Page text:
I’m a few months late on this, but this New York Times story about the Robert Shuler situation reminded me that it’s time to weigh in.
In case you’re not up to speed, Shuler runs (or, ran) the controversial blog Legal Schnauzer, in which he has regularly accused (mostly Republican) officials of wide-ranging political corruption and on many occasions, sexual misconduct.
He had accused Robert Riley, Jr., son of former Governor Bob Riley, of having an illicit affair with Liberty Duke, a prominent Alabama lobbyist. He further accuses Republican operatives of paying Ms. Duke hundreds of thousands of dollars for an abortion and ordering her to keep quiet.
Both Riley and Duke denied the allegations and filed a defamation suit against Shuler. Shuler’s petulance and refusal to comply with court orders has landed him in the Shelby County jail. He was arrested last fall and remains in lockup to this day.
In a nutshell, an Alabama judge ordered Shuler to remove what he decided was defamatory content on the alleged affair, pregnancy and payoff. Shuler refused, was found in contempt and ordered to jail.
In the Alabama blogging community, the Schnauzer is almost universally perceived as a blog that promotes the wildest of the wild conspiracy theories. Almost no one takes Shuler seriously. It’s seen as an electronic version of your every day supermarket checkout tabloid.
But even supermarket tabloids enjoy the most basic freedoms enshrined in the First Amendment to the Constitution. What Shuler doesn’t seem to understand is that along with the freedom guaranteed by the First Amendment comes the responsibility to exercise it wisely and that failing to do so can result in very unpleasant consequences.
What the judge has apparently done with his injunction—ordering Shuler to remove the story from his blog pending litigation of the defamation trial—is what is known as prior restraint, a very carefully defined and rare situation where a judge decides that a publisher must hush until the case reaches trial. Prior restraint is almost always determined to be unconstitutional. It can only be exercised in extreme circumstances, such as preventing loss of life or preventing catastrophe.
While the Schnauzer is often obnoxious and routinely salacious, there is nothing in the case at hand that would appear to allow the judge to exercise prior restraint. It is clearly an unconstitutional overreach.
The problem is that Shuler refuses to accept legal counsel, even when offered the opportunity for the court to appoint a public defender to represent him. Shuler is a regular with the Alabama judicial system, and has almost always represented himself pro se. As the old adage goes, anyone who represents himself in a court of law has a fool for an attorney and an idiot for a client.
Predictably, Shuler has a lousy record in court. In fact, I don’t think he’s had a single significant victory. As a measure of his world view, he attributes his lousy record to conspiracy, corruption and judicial incompetence. He is his own worst enemy.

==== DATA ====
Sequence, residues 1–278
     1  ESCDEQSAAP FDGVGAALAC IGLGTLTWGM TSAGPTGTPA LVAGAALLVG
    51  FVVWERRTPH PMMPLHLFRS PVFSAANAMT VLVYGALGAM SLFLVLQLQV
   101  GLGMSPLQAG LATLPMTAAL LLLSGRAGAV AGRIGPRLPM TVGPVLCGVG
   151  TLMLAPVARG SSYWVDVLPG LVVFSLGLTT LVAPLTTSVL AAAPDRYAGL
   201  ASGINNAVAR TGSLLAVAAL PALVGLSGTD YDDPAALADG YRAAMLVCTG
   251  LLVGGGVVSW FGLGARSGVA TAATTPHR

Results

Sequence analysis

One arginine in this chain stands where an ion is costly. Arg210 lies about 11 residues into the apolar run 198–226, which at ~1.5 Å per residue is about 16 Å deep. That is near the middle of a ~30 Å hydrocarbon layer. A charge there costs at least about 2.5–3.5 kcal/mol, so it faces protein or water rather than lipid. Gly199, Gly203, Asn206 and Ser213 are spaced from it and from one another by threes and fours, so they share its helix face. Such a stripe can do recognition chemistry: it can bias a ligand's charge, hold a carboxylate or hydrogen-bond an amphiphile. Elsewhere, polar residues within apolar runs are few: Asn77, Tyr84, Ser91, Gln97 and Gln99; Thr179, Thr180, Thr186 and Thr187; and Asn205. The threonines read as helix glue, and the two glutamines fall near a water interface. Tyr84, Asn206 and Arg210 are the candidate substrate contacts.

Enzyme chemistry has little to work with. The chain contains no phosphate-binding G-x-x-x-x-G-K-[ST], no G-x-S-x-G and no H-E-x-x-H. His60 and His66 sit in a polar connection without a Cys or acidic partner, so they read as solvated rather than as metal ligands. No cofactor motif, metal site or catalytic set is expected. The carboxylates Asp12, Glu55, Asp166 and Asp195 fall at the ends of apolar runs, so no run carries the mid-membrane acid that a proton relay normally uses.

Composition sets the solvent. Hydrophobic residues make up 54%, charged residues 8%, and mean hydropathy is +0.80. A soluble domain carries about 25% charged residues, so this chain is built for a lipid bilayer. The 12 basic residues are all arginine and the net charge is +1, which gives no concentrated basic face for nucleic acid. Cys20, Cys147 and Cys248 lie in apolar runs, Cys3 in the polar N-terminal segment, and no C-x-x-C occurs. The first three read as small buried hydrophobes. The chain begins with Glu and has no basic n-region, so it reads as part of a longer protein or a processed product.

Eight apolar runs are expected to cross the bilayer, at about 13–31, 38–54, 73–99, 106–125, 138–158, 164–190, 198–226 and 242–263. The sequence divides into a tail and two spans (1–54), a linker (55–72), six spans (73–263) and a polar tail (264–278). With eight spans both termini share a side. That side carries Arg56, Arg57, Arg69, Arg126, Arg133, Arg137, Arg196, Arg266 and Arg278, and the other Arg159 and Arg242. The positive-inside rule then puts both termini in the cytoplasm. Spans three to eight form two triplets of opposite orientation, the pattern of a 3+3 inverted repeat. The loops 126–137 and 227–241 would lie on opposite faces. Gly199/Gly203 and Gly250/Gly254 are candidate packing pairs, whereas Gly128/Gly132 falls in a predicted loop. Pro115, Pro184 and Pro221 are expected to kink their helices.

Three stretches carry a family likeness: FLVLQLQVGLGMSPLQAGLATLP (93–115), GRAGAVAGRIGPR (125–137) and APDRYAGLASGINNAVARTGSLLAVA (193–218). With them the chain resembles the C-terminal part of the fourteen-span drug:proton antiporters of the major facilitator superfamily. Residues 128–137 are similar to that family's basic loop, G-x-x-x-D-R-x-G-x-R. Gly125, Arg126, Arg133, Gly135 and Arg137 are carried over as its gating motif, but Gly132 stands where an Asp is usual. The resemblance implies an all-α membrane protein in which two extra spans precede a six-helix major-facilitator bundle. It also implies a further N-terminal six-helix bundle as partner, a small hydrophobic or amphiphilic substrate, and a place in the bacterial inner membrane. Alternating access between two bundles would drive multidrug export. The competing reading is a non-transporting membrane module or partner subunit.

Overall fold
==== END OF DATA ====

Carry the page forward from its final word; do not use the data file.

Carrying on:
A newly barred attorney fresh out of law school could get Shuler freed based on a challenge on the prior restraint issue. But Shuler continues to decline legal counsel, insists on pro se representation, and as a result he continues to sit in the Shelby County lockup.
Remember the definition of insanity? Repeating the same effort, over and over again, and expecting a different result.
What’s troubling in this case is that it could establish a precedent in which all bloggers—in Alabama and beyond—might have their First Amendment rights seriously curtailed.
This blog has gone after several controversial issues, ranging from exposing an oil spill truther group to allegations of corruption at the highest levels of college athletics and state political actors. I’ve not been shy in this space. However, regular readers of this blog also know that I adhere to the Blogger’s Code of Ethics.
It’s not just a bunch of suggestions. The Code is set of a guiding principles. It’s so important, it’s linked right there at the top of the page.
If I go after public figures, I’ll either have my facts straight and be able to demonstrate the truth of my statements, or I will refrain from posting. I have refrained from posting many more times than I’ve gone forward with a story because I either couldn’t get someone to go on record or could not independently corroborate information provided by confidential sources.
In both of the cases I linked above where this blog went after folks, I gave the parties involved an opportunity to respond and state their side of the story. All refused, but that opportunity is necessary for honest reporting and factual presentation of the issues involved.
Bloggers do not enjoy the same protections that credentialed journalists in traditional media enjoy. I can’t have an anonymous source in a potentially defamatory story. I can’t make stuff up and publish it just because the organization or individuals involved are public figures or politicians. Along with my First Amendment rights come responsibilities. I am mindful of those responsibilities, as are 99% of other bloggers in this state and elsewhere.
Shuler doesn’t seem to get it. But that doesn’t mean the courts should be free to exercise prior restraint just because he’s not behaving responsibly. Mr. Riley and Ms. Duke have a legitimate right to have their grievance against Mr. Shuler adjudicated in a court of law. But that the court could silence an irresponsible blogger simply because the court has determined that he’s behaving irresponsibly is a dangerous step towards censorship. Even irresponsible speech is free speech, unless that speech threatens human life, national security or could lead to a manmade catastrophe.
I frankly believe that Shuler should be freed, even though I agree with virtually nothing he believes or has written. I may disagree with what he says, but I will fight to the death his right to say it.